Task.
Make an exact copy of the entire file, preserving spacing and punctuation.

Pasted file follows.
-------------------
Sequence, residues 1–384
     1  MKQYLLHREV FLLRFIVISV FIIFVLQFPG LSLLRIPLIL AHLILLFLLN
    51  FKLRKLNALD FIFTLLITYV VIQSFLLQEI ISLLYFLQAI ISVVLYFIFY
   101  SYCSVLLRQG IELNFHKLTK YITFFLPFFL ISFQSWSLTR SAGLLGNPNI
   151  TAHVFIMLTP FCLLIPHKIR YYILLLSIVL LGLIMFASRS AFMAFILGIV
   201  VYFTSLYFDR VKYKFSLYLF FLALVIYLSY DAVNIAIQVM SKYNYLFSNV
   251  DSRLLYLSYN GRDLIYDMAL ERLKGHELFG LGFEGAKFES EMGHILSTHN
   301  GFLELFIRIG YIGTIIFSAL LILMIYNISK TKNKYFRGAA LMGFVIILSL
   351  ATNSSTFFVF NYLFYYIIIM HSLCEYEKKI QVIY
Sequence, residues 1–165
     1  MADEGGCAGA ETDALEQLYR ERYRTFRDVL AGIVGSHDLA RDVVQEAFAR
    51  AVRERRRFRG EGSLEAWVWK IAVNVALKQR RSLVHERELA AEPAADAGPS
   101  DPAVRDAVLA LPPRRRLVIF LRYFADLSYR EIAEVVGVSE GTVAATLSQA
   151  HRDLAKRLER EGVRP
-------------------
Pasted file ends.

Sequence, residues 1–384
     1  MKQYLLHREV FLLRFIVISV FIIFVLQFPG LSLLRIPLIL AHLILLFLLN
    51  FKLRKLNALD FIFTLLITYV VIQSFLLQEI ISLLYFLQAI ISVVLYFIFY
   101  SYCSVLLRQG IELNFHKLTK YITFFLPFFL ISFQSWSLTR SAGLLGNPNI
   151  TAHVFIMLTP FCLLIPHKIR YYILLLSIVL LGLIMFASRS AFMAFILGIV
   201  VYFTSLYFDR VKYKFSLYLF FLALVIYLSY DAVNIAIQVM SKYNYLFSNV
   251  DSRLLYLSYN GRDLIYDMAL ERLKGHELFG LGFEGAKFES EMGHILSTHN
   301  GFLELFIRIG YIGTIIFSAL LILMIYNISK TKNKYFRGAA LMGFVIILSL
   351  ATNSSTFFVF NYLFYYIIIM HSLCEYEKKI QVIY
Sequence, residues 1–165
     1  MADEGGCAGA ETDALEQLYR ERYRTFRDVL AGIVGSHDLA RDVVQEAFAR
    51  AVRERRRFRG EGSLEAWVWK IAVNVALKQR RSLVHERELA AEPAADAGPS
   101  DPAVRDAVLA LPPRRRLVIF LRYFADLSYR EIAEVVGVSE GTVAATLSQA
   151  HRDLAKRLER EGVRP